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9 Yoga Poses For Building Muscle

Profile image Divuni Mindfulness
Jul 22, 2022
Health & Fitness
Though not the first thing that comes to mind when thinking about building muscle, yoga can definitely help build muscle through various poses and practices.
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Whenever someone talks about building muscle, most of us automatically have our minds drift to large gyms with heavy weights and people groaning as they lift them. But there are a wealth of different ways to build muscle, and one of those includes yoga.

Though yoga may not be always looked at as a major contributor to building muscle, it has a wealth of possibilities thanks to the progressive overload, eccentric overload, and metabolic stress it puts on the body. This is all done through precise movements that are low impact and compound, but offer a wealth of flexibility and impact on overall muscle health.

So you see, there is a wealth of ways that yoga can help one build muscle and in this article, we're going to take an in-depth look at everything having to do with that. From the understanding of how yoga builds muscle to some poses that are specifically perfect for increasing your mass, we hope that we can help enlighten you on the wonderful effects of yoga when it comes to building muscle.

Article Contents

Muscle & Yoga: Is Building Muscle Possible with Yoga?

Yoga's main focus is more on a mind-body connection than it is on building muscle. With its meditation and mindfulness practices combined with physical movement, it is intended to help one create skills when it comes to breathing and aligning energies both inside and outside of the body.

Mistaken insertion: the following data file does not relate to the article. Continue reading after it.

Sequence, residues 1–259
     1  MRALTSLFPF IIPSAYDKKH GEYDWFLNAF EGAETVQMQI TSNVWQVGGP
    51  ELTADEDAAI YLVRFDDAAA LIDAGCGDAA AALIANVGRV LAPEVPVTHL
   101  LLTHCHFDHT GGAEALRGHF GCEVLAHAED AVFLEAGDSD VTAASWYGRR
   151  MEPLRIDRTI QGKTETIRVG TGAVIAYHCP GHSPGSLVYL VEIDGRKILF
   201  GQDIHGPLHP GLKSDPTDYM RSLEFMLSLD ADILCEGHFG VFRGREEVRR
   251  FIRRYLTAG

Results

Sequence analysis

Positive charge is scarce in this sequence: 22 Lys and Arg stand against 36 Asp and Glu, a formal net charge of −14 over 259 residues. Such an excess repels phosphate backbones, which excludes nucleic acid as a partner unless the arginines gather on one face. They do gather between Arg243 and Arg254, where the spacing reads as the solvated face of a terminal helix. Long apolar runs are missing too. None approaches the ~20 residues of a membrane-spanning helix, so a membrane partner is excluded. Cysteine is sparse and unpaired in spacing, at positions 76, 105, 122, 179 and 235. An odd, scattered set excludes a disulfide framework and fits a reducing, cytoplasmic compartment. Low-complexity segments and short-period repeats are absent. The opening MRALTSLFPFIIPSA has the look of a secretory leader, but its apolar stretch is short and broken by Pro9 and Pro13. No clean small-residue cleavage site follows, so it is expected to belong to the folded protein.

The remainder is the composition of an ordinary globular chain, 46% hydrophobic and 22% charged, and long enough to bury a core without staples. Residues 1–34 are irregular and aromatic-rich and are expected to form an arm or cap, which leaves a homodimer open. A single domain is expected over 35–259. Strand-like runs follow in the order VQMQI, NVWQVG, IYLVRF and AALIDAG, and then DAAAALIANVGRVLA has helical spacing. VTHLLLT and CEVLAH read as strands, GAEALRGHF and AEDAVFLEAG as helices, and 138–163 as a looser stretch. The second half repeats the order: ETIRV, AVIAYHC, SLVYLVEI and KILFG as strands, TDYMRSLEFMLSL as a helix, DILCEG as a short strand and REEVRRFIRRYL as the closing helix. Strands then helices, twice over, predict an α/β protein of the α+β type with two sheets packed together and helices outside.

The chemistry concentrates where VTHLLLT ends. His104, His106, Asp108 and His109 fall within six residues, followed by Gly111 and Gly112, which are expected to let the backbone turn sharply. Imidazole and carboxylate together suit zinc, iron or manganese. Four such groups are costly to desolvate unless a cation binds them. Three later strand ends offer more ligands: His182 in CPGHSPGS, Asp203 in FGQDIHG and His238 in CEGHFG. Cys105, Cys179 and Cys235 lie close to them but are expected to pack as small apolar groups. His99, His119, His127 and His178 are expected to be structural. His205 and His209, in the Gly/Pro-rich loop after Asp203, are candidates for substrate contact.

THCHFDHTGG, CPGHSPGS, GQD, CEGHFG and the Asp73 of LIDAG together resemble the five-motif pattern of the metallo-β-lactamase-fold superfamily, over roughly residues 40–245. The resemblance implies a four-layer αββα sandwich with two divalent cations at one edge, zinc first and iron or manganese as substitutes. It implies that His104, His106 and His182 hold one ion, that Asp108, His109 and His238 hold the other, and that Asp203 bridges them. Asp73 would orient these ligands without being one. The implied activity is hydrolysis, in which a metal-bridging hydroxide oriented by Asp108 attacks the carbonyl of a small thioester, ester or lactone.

However, just because it focuses on those core aspects does not mean that it has no capability of building muscle. It is after all physical activity, and you would be surprised at the effects it has on muscle mass. Not only is it going to help increase flexibility which will reduce the risk of injury, but it also, through its precise movements, creates better endurance when it comes to your muscles.

This is all thanks to the fact that the intricate and precise movements that are incorporated in yoga utilizes whole groups of muscles at once, rather than one single muscle at a time. It also uses your own body weight as opposed to free weights to lengthen and stretch the muscle fibers. This is known as eccentric contraction, and it creates a leaner muscle tone and better flexibility.

This is a vast contrast to what weight training does, which has you look at specific muscles and work on them. It actually uses something called concentric muscle contraction, which causes the muscles to swell up and compacts them. Both of these forms of contraction are vital to ensuring you build muscle, one just has more benefits both mentally, spiritually, and physically than the other. That one is of course yoga!

Understanding Muscle Building with Yoga: How Does it Work?

Now that you know that yoga can help you build muscle, you may be wondering how exactly it works. Though we went over a little bit about it above, we're going to take a more in-depth look at the three main reasons why yoga is so good for building muscle.

Those three contributing factors are:

Progressive Overload

Progressive overload is when you are adding more weight or more reps step by step to build your strength. The more heavy weights you lift, the more your body begins building muscles. Yoga actually uses the same idea except instead of weight it utilizes holding positions longer and variations of poses.